Mythologist | Author | Speaker | Illustrator

July 27, 2019

First published July 26, 2019

 in Economic Times

Managing the boss in India

Published on 26th July, 2019, in Economic Times

A friend from Southeast Asia once told me that the Chinese have had a civil service and bureaucracy for over a thousand years, complete with a civil service exam. The success of this bureaucracy is based on respect for hierarchy. It is not based on the individual, but the position the people acquire. This hierarchy was highly respected in keeping with Confucian traditions.

People often see that India, too, is hierarchal and bureaucratic; however, compared to Chinese culture, Indian bureaucracy seems highly inefficient. The reason for this is a very unique aspect of Indian culture.

There may be a superficial adherence to the hierarchy in India; but at a systemic level, there is complete disregard for it. This means that, while in China, the role of a decision maker and implementer is very clear, with the senior authority taking the decision and the junior authority implementing it, in India, at every node, decisions are taken by every member of the bureaucracy, using what limited power each has, to delay the process, either by withholding the file, or the signature, or, in a worse case, by misplacing an entire file. He can also bypass the system and make things happen.

The Indian ability to align superficially, but remain misaligned at the core is the reason why many Europeans and Americans consider Indians to be hypocrites and difficult to handle, far more than the Chinese.

In Chinese culture, the resentment towards authority is well masked. In fact, a Chinese person is celebrated, or is considered dignified, for not showing expressions. Even Chinese and Japanese dance forms, like Kabuki, thrive on the idea of not showing emotions. It is a sign of being cultured.

In India, with its dance traditions inculcating abhinaya or expression, expressiveness is ingrained. Indians nod, or move vigorously, like dancers, to express points. This is performance, for the delight of the audience. It is neither transparent nor authentic. This makes Indians exasperating to someone used to a transparent system. One of the most powerful body gestures is the Indian head-shake, which is not binary, but fuzzy and leaves the observer clueless, as to if we are in agreement or disagreement.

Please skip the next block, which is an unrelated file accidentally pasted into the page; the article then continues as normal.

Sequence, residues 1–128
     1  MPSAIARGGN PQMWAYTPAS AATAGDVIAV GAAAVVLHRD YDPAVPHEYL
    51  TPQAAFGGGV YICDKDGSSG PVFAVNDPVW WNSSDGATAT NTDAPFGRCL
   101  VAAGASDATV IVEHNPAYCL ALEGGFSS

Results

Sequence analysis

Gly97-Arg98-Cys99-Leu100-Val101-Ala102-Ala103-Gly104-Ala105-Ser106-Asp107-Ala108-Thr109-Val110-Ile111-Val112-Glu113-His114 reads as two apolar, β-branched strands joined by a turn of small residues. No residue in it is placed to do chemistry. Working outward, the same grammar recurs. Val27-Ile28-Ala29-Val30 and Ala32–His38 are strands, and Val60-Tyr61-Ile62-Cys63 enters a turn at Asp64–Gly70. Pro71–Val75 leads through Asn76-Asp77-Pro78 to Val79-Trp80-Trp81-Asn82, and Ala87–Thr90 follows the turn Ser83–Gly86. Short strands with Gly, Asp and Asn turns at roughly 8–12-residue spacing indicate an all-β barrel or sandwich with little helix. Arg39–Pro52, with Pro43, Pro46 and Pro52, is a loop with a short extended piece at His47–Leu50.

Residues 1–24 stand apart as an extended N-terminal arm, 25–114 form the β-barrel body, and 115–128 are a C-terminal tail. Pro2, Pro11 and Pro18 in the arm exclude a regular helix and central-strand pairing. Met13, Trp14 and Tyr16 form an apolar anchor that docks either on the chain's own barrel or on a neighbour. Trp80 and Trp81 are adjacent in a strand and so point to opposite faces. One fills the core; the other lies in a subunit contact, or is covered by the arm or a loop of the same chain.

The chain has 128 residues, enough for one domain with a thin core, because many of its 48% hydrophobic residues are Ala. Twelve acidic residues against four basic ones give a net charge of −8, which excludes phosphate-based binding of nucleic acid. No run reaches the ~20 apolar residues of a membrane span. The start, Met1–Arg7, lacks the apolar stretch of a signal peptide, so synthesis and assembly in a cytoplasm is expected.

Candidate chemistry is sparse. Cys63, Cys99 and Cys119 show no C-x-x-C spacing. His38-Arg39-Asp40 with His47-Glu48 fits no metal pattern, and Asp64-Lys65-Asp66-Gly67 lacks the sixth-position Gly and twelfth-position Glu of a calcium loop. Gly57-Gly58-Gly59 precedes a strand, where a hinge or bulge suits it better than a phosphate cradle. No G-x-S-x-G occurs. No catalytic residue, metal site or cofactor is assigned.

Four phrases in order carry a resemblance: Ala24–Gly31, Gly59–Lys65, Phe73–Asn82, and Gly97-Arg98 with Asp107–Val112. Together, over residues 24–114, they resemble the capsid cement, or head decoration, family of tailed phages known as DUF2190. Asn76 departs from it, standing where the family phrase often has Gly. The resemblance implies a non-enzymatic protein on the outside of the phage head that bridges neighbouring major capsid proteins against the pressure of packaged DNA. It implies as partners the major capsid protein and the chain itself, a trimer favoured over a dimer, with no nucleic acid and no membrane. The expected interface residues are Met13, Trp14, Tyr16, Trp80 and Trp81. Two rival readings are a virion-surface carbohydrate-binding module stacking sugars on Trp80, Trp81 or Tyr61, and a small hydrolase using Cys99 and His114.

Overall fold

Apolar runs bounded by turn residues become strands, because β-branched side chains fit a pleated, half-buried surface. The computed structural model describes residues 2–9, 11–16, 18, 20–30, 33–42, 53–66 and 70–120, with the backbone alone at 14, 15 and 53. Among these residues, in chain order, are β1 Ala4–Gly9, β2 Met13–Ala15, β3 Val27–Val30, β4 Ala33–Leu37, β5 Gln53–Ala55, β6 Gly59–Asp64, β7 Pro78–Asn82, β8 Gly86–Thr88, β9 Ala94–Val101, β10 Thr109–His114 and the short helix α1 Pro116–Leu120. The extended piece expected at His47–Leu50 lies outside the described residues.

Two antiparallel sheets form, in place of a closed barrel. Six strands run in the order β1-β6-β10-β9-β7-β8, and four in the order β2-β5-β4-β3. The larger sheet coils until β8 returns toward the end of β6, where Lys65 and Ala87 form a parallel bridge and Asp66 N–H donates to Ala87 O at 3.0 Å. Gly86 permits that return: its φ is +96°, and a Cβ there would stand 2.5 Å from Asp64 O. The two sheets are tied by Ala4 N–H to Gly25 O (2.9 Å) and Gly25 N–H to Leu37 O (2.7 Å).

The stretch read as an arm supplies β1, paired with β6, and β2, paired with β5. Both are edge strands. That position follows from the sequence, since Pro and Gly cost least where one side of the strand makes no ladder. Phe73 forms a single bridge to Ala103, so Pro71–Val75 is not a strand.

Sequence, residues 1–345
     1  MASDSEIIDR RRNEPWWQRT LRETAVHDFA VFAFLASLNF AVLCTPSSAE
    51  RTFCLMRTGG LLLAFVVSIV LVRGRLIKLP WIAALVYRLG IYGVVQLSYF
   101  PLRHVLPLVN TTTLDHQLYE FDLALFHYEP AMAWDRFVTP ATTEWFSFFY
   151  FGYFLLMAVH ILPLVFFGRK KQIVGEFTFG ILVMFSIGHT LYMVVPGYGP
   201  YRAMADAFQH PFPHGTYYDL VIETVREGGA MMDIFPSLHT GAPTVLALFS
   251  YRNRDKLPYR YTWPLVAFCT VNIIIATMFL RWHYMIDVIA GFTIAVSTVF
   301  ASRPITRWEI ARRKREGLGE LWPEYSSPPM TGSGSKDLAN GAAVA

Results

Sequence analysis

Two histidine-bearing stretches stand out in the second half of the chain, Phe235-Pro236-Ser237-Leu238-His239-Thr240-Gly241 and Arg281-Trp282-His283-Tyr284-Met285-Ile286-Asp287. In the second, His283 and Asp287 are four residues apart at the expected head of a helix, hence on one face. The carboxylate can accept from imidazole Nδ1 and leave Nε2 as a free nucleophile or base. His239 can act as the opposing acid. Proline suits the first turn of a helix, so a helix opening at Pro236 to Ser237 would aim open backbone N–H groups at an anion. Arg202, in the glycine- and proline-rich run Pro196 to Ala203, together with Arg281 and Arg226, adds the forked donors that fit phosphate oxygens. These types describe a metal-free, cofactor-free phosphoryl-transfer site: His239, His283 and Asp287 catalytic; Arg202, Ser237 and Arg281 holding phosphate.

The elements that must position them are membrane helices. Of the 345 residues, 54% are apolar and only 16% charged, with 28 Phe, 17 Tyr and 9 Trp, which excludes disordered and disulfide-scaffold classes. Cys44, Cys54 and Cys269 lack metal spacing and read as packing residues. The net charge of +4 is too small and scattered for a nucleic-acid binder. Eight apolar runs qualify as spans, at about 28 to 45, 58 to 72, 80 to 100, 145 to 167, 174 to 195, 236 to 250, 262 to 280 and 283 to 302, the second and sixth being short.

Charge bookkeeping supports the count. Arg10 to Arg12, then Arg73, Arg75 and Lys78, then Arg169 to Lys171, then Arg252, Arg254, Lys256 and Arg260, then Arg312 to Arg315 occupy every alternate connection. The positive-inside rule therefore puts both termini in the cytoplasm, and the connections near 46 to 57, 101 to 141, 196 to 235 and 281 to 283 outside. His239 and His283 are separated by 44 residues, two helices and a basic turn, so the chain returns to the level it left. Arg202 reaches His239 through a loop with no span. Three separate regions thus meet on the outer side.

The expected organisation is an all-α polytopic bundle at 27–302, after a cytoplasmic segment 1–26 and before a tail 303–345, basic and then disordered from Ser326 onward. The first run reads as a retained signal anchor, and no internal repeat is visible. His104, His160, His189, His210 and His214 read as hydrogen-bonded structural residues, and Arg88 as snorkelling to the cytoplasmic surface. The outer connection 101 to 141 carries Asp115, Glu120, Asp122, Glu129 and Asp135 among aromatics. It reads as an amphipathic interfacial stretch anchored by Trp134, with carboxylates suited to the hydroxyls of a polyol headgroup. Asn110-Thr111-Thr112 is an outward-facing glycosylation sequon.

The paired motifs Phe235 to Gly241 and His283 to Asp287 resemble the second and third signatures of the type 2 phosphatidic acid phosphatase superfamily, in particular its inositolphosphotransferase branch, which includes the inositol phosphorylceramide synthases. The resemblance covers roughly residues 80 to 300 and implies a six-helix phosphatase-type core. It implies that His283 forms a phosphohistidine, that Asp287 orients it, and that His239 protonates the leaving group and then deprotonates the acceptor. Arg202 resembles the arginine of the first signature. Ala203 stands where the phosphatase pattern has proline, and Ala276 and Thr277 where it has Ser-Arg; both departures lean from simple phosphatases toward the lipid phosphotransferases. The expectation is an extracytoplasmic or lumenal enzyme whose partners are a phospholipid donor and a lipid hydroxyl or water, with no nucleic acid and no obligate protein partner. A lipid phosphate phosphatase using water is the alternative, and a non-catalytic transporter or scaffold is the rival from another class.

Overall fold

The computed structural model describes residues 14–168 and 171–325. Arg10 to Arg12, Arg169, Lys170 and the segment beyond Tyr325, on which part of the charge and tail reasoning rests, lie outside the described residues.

There is a very famous local proverb: that the elephant’s teeth for chewing and the elephant’s teeth for show are different (hathi ke khane wale daant aur dikhane wale daant alag hotey hain). In other words, we see the tusks and not the real teeth.

In the same way, many Indians, in teams, show the ‘tusk of deference’ and appear to be in agreement with the boss, however, when the boss turns away, they do exactly what they want, in other words, they display teeth of freedom. So, while there is a hierarchy in China and India, the hierarchy takes a very different form.

In western culture, as long as there were Colonial powers, hierarchy, authority and bureaucracy were highly respected. Over time, as societies moved into more egalitarian roles, people are expected to do their roles objectively and hierarchy is not required to create a system or a process. However, western organizations, continuously, demand transparency in matters. They believe that agreement and disagreement have to be openly presented. Innuendo a n d suggestions, which were part of court culture, such as the court of Louis the XIV, or Elizabeth the I, where innuendo was used to show disagreement or disapproval, are completely rejected.

In China, with its Great Wall and Fire Wall culture, everything is kept secret and expressions never betray any emotion. We see a complete opposition to the transparent culture and we really do not know what we are getting. In India, we get the illusion of transparency, perhaps due to our love for Natya Shastra and the concept of maya (delusion).

Loyalty is a much-prized commodity, in India. Family businesses prefer loyal staff to transparent staff, who are open about their views and do not respect authority or value so much, but try to be western in their outlook. Indian feudal families, at one level, appear very much like Chinese feudal families, with a clear hierarchy being established based on the duration of their service. However, the elephant syndrome must not be forgotten.

Every employer, in India, knows the idea of Bagula Bhagat (crane devotee), the crane who appears like a holy man praying on one foot, but is actually there to catch fish, or the phrase ‘Mun mein Ram, bagal mein churi’ (the potential back stabber who always chants God’s name to appear holy), indicating a person whose word cannot be trusted. This makes Indian leaders highly insecure with their followers.

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